AQUACULTURE 2016: Health Regulations Costing US Fish Farmers

8 March 2016, at 12:00am

US - Aquaculture is a business and farmers must make sure they are not only environmentally sustainable but also economically sustainable, said Dr Carole Engle from Engle-Stone Aquatics speaking to TheFishSite at Aquaculture 2016 in Las Vegas, USA.

Farmers need to be able to afford the costs of production and regulations, and still be able to make a profit and re-invest.

One of the main economical challenges is that fish farmers often do not have the right business training, as they get into farming as they love working with aquatic animals.

Government regulations are also becoming more intense and can be a barrier to the economic growth of farming. They tend to be increasing in costs and therefore taking more money away from farmers that would have been used for innovation.

During Dr Engle's talk on the costs of US health regulations to fish farmers, she noted that average regulatory costs for the US baitfish industry is a huge $150,000 per farm per year and $3,000 per acre.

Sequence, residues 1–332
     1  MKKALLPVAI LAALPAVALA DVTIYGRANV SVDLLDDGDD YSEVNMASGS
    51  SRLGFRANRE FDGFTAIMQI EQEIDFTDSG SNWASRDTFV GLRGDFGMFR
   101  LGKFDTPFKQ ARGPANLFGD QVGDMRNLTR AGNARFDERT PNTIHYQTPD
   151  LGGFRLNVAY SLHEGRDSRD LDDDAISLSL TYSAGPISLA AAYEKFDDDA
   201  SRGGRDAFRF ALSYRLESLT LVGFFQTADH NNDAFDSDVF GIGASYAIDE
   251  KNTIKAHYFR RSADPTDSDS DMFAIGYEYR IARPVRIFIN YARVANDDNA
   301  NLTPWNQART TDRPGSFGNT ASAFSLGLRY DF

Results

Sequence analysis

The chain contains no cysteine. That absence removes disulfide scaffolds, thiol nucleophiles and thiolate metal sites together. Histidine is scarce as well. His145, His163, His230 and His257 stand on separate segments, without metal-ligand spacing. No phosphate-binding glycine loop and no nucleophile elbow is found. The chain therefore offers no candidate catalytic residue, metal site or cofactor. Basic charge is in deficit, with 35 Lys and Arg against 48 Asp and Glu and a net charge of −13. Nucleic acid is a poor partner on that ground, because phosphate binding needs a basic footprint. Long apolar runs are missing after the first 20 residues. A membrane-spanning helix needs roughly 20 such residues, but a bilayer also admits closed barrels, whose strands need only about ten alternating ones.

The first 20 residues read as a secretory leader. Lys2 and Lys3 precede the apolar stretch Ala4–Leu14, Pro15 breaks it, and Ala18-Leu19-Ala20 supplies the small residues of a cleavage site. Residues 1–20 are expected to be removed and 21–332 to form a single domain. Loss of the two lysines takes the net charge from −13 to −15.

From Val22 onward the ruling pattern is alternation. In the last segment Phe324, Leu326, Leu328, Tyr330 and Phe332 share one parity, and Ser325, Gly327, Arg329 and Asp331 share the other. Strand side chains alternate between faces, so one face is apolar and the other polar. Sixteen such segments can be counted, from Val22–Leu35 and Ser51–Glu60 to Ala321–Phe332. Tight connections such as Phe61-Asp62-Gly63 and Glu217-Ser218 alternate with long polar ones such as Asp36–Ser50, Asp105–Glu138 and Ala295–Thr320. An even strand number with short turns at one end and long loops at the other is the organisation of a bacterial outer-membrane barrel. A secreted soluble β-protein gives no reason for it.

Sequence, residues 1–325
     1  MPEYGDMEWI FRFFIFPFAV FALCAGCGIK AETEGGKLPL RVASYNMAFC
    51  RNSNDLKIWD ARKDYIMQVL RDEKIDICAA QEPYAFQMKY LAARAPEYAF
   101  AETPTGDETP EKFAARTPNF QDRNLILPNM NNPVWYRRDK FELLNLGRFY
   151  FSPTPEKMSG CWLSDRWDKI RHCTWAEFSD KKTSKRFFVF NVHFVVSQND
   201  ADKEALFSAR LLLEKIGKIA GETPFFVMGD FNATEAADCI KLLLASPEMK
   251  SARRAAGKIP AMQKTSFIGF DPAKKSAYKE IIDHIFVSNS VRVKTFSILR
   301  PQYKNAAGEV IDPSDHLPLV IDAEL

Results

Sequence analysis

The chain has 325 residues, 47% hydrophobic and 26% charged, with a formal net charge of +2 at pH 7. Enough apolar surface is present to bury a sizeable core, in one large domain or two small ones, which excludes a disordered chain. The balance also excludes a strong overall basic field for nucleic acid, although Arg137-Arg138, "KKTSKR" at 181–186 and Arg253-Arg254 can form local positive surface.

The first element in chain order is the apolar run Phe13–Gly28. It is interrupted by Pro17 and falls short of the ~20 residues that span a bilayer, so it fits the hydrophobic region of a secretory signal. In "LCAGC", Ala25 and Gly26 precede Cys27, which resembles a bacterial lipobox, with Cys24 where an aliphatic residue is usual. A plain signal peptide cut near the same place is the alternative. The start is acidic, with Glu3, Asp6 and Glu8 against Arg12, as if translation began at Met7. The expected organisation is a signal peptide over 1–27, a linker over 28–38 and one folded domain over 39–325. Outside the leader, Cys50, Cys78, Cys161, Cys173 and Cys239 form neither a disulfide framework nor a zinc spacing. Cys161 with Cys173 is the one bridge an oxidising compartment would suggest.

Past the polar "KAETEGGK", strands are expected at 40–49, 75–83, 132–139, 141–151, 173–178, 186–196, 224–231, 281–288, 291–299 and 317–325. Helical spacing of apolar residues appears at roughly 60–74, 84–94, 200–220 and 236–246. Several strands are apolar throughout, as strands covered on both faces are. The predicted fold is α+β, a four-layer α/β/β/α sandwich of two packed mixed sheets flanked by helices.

The survey of US baitfish farms in 13 states conducted by Dr Engle and Jonathan van Senten also revealed that the amount and cost of health regulations on farms varies greatly in number by state.

Some states also charge regulations frequently and 29 per cent of the farms surveyed said they never receive notice of regulation changes.

This means that some farms are spending a large proportion of their time and money on checking regulations.

Similarly, unexpected regulation changes account for around 23 per cent of total coats and foregone sales for around 60 per cent.

The health regulations are also very costly for the actual preperation and transporting of fish to laboratories for testing.

The average fish health testing per farm is $7,250 and a maximum of $230,000 was also recorded in the survey.

Very accessive costs are being paid by the baitfish industry to try and show their fish are healthy so they can be sold in other states, explained Dr Engle.

Regulations are therefore constraining the growth and development of the industry.